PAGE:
One comes away from this book with a well-developed portrait of Calvin the preacher. Here was a man committed to the absolute supremacy of God’s Word, for himself and his congregation, knowing that “when the Bible speaks, God speaks” (p. 27). Here was a man committed “to behold the majesty of God” in the Word (p. 40) as he sought food for his own soul. Here was a man committed to discovering through diligent study the intended meaning of the text and declaring what it said and required of its hearers. He “made disciplined study a way of life, remaining in his study until the meaning was clear” (p. 41). Here was a man who approached the text with a literal (not literalistic) hermeneutic, rejecting fanciful allegorization. He said, “The true meaning . . . is the natural and obvious meaning” (p. 71). Here was a man who preached through entire books of the Bible, verse-by-verse, not skipping over controversial, difficult, or unpopular material. He viewed the role of the preacher as that of “a dispatched messenger with the divine message” (p. 26), seeing not the preacher, but God’s Word as the final authority. Here was a man committed to prayer and a living orthodoxy, since the “light of truth must yield the warmth of devotion to God” (p. 44). Here was a man committed to a rigorous schedule, often preaching ten times in a two-week period!Although plagued by opposition from enemies and health problems, he preached as often as he could. Even when an invalid, he arrived at church, carried in on a stretcher to preach (p. 48)! While Calvin did take time to visit the sick and give counsel, he saw the pulpit ministry as that which took priority. Here was a man so committed to declaring God’s truth authentically that he left behind manuscripts and notes to speak simply from an open Bible. But this was no off-the-cuff discourse; rather “an entire lifetime of learning stood behind each message” (p. 58). Here was a man who spoke plainly to people in words they could understand, while retaining biblical terminology and avoiding the watering down of truth. Here was a man who did not waste time with trivialities outside the text, but tried to orient his hearers to the text as soon as possible, using his introductions “like a freeway entrance ramp” (p. 54).Here was a man who reasoned persuasively and used vivid imagery to drive home the point. Here was a man who relentlessly pressed upon himself and his hearers the demands of God on their lives.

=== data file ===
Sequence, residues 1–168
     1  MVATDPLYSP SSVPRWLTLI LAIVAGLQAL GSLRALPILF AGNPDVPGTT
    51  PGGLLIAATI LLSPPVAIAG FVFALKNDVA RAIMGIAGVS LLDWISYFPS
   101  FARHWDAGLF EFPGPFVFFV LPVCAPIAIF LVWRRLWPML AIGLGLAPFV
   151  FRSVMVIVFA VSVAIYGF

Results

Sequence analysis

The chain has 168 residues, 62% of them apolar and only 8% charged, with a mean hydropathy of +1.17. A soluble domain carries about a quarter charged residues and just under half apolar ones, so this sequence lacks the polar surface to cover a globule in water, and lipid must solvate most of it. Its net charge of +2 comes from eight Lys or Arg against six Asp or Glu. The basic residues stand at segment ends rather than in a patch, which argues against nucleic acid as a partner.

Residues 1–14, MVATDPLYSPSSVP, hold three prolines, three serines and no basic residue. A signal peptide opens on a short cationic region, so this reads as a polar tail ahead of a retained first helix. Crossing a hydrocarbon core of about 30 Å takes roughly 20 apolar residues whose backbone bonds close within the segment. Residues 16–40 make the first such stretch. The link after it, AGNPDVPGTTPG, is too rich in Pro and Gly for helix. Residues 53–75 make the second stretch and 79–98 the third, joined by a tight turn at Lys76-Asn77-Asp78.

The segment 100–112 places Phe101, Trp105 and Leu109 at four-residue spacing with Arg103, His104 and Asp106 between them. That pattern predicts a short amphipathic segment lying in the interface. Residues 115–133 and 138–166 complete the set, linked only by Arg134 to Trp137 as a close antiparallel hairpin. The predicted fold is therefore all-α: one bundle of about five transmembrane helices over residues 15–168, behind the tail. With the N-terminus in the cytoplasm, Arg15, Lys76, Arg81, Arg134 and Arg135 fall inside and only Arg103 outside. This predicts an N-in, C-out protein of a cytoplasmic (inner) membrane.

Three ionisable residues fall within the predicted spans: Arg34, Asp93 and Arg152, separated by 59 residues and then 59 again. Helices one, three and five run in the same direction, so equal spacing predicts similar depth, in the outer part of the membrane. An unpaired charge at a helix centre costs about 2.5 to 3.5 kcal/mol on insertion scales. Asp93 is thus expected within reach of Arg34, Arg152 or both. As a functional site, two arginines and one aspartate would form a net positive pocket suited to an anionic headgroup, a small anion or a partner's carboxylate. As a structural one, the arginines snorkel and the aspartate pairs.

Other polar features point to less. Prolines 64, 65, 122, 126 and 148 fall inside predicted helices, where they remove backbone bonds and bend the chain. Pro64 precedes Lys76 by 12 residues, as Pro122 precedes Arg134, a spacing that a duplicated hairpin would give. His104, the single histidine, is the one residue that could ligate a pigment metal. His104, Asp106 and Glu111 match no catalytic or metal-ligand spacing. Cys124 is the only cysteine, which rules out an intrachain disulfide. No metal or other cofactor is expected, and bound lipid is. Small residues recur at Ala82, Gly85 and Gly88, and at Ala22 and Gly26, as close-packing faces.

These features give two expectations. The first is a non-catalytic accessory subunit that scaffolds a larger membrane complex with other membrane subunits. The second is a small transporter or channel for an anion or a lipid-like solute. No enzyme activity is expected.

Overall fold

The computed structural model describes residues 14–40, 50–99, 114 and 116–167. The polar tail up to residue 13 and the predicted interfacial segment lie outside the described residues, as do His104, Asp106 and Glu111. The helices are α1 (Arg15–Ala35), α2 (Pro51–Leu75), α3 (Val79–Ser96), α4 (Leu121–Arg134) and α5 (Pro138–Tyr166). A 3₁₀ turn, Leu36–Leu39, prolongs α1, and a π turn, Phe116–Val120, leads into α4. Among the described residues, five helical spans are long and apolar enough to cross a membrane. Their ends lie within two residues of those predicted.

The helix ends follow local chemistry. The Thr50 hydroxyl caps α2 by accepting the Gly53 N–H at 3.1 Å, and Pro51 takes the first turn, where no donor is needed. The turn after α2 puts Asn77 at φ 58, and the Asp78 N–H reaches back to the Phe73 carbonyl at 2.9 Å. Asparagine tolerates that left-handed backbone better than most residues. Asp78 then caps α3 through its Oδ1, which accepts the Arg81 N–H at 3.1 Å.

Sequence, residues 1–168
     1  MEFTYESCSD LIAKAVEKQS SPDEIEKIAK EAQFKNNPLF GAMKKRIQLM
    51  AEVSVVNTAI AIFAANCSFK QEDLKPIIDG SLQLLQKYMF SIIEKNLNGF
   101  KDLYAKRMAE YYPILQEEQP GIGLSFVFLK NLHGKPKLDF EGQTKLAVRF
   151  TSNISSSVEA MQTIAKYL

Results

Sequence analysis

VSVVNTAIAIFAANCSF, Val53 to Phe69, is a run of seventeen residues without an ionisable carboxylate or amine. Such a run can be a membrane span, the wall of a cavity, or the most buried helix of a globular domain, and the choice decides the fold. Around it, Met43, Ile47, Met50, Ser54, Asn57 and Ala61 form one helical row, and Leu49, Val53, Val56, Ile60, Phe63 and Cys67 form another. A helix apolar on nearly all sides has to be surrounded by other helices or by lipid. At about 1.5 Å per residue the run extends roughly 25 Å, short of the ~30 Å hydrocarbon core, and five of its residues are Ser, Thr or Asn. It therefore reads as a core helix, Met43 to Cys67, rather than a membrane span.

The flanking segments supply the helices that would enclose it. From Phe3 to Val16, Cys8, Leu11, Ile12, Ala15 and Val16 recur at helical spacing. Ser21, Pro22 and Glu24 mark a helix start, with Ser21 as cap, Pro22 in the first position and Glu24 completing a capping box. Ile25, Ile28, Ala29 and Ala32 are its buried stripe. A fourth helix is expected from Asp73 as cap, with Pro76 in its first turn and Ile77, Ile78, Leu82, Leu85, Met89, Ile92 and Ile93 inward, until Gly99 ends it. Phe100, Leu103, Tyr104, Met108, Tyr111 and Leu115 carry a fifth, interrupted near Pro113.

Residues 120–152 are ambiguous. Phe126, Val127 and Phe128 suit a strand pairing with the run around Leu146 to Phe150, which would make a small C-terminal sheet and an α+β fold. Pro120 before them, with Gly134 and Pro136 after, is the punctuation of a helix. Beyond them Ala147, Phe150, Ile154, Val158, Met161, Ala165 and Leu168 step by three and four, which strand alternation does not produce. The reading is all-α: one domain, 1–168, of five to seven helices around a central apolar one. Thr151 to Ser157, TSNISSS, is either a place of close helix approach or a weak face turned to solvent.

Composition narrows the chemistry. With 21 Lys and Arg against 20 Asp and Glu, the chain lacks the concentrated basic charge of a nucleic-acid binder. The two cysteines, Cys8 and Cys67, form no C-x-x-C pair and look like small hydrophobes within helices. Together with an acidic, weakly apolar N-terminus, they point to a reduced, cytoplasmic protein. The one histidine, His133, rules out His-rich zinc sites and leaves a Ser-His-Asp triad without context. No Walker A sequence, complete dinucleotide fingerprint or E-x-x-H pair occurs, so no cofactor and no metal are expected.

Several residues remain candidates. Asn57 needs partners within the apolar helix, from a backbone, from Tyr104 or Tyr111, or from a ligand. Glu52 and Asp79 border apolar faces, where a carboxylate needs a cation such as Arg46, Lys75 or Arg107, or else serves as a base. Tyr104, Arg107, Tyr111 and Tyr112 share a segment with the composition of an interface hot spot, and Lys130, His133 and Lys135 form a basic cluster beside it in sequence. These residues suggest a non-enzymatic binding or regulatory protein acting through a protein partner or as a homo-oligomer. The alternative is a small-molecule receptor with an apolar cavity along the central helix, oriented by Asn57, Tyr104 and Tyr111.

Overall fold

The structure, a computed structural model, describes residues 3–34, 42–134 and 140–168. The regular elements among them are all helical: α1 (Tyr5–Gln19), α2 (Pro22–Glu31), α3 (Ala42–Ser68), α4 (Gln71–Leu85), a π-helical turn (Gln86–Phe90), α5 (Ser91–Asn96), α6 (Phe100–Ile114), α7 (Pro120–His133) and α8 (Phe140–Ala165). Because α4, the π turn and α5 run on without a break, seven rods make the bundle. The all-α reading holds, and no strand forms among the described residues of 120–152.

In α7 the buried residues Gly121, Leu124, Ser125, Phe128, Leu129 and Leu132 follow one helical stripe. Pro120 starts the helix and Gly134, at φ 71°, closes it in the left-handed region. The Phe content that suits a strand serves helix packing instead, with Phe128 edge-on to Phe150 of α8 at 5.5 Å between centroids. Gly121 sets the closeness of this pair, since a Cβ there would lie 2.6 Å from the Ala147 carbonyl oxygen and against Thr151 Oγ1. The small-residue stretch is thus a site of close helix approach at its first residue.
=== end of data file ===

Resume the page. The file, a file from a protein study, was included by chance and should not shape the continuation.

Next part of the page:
EVALUATION

Lawson’s book is well researched, well organized, simple, and to the point. He does an excellent job portraying a model of expository preaching. His concise quotations of primary and secondary sources and succinct summaries of the elements of Calvin’s preaching make for a quick read (I read it in one evening; my wife read it over several days, taking a chapter a night), but provide enough depth for further meditation and review.

If the book had any weakness, it might be that it held up Calvin’s example in such a positive light that caveats against a slavish imitation of his habits were lacking. For example, although Calvin, to communicate more simply, used neither manuscript nor notes, it does not follow that contemporary preaching must avoid written aids to be biblical. However, some who read this book might be tempted to avoid the use of aids although their giftedness and personality may be much different from Calvin’s. Lawson points out that Calvin did not use homiletical headings (clearly articulated “points” of a sermon), but this structure may not be something that should necessarily be abandoned, so long as it does not get in the way of communicating the message of the text and is a help to the preacher and hearers in organizing and summarizing biblical truth. Likewise, although Calvin ushered hearers into the text soon with minimal or no extra-biblical material, contemporary audiences may need a bit longer ramp into the text, particularly if they are accustomed to hearing four to eight sermons a month (instead of twenty) at the most.However, the points are well taken that preachers should communicate simply and get people into the text soon, and Lawson does suggest that styles may vary among expositors, so long as they are faithful in discovering and communicating the message of the Bible (p. 84).